Monday, June 9, 2008

Central London still going strong it would seem.

Rental market booms as house prices slide

I just re-rented one of my flats in 2 days with a 9% increase in the rent compared with last October. Agents have also lowered their commissions to get business so net cash certainly up...

Posted by chief @ 04:35 PM (2219 views)
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26 thoughts on “Central London still going strong it would seem.

  • Interesting:
    “Agents have also lowered their commissions to get business” and the title says “Central London still going strong it would seem”.

    If that is the case why are agents lowering their commissions?

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  • I don’t get it:

    “Despite the boom, rents fell slightly during the three months to the end of May, with average rents for houses falling by 7 per cent, while the level of income landlords can expect from flats dropped by 9 per cent.”

    A. How does this square with the bullish title?
    B. 7% fall during 3 months is not a ‘slight’ fall.

    “The mortgage lender Paragon said strong demand had pushed the average cost of renting a home in England and Wales…”

    Ah, our old friends ParaGONE said. They wouldn’t be saying that just to get a few more BTL suckers in?

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  • Yup…gotta agree with all the posts. How can you have a boom in rental prices when rents are infact going down. So I suppose, by this ‘journalists’ assumption the UK has enjoyed a rather lucrative housing ‘bust’ for the last 10 years. What a moron.

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  • Ha ha. Not the case in Bristol I assure you. I’m having estate agents call me up to ask how my recent tenancy is going… not the sign of a booming rental market.

    Note also that lots and lots of block of flats are just being finished here… haha lots of choice for the tenant then!

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  • doom&gloom says:

    Interesting – a generally bullish article on rental demand, but buried in second-to-last paragraph, “Despite the boom, rents fell slightly during the three months to the end of May, with average rents for houses falling by 7 per cent, while the level of income landlords can expect from flats dropped by 9 per cent.”

    The apparently increasing rental demand just doesn’t stack up with falling rents. Don’t think that’s ‘slightly’ either – almost 10% decrease in flat rental income over just one quarter. That sounds severe.

    Almost as if ARLA were chided last month for not talking the rental market up enough, so have spun it a bit this month.

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  • So according to the last paragraph, if you live in London, you have to be earning £36,000 per annum AFTER tax, NI etc just to rent an average house! And then of course you’ve got council tax, utility bills, food, heating, clothing, transport etc to think about. The figures don’t seem to make sense to me.

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  • What rental market boom? The article itself points out that average rents for houses and flats fell by 7% and 9%, respectively in the 3 months to May. Not sure about the rent levels reported here either. http://www.rentright.co.uk/rrpi.aspx shows a figure of £619 per month for a 3-bed in the UK and £965 for a 3-bed averaged throughout London (not sure I trust these figures either). Getting back to the article it seems they’re not even comparing like with like – “other reasons for the boom in demand included a sudden influx of desirable properties coming onto the market”. As Huck Finn would say, it’s rubbage.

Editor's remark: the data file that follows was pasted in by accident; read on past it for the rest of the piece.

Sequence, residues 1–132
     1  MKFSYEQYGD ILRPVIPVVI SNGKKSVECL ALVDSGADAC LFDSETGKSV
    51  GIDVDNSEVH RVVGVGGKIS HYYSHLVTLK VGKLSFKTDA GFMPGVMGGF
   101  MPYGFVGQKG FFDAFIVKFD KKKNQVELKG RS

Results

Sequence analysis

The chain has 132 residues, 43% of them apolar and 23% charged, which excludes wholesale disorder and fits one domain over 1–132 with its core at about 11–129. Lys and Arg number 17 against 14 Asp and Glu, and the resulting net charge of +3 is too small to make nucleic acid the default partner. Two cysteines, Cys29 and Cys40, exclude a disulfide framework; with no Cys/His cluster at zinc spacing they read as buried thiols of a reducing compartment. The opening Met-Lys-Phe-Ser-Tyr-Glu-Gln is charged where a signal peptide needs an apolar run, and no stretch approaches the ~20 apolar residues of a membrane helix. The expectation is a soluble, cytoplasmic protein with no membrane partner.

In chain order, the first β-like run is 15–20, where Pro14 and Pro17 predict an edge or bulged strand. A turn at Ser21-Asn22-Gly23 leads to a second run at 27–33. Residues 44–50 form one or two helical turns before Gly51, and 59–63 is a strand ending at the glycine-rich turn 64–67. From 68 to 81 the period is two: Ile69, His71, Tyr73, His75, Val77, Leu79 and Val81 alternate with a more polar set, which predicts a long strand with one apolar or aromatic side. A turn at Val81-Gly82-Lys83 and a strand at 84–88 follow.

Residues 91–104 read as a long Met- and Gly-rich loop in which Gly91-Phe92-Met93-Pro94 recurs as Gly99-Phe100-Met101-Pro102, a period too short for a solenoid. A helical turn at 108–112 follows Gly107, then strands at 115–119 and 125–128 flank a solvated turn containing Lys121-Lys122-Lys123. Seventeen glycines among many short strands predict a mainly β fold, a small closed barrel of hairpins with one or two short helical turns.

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  • Je ne comprend par – “Despite the boom, rents fell slightly during the three months to the end of May, with average rents for houses falling by 7 per cent, while the level of income landlords can expect from flats dropped by 9 per cent.”

    So london is different? Vive la difference mes amies! – All double dutch to me.

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  • Stevie Dee says:

    @Chief, if you know the guy who wrote the article.. tell him to lay off the sauce for a couple of weeks..

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  • Chief can you give more details – i assume this is your experience rather than from the article. Fair enough, but where is yr property and what kind of flat is it. Really im not being skeptical but i’d like to know. Maybe your property is in one of them housing/rental boom enclaves.

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  • Yerhavingalaugh says:

    Bound to be a lot of volatility whilst the market is adjusting to the new reality. I expect rents to be falling in 6 months time as inflation and unemployment rise. Affordability will surely be the key issue. I can see a lot of recently departed fledglings returning to the family nest!

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  • Stevie Dee says:

    @6 yes.. belgravia..

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  • Stevie Dee says:

    or he’s a really good salesman, and a greedy landlord.

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  • This is possibly the most poorly written article I have ever read. You can’t write an entire article about the “boom” in rental demand, and then end it by saying that prices have dropped by 9%. That makes no sense. The strongest piece of quantitative data in the whole article points to the exact opposite of what the author is claiming.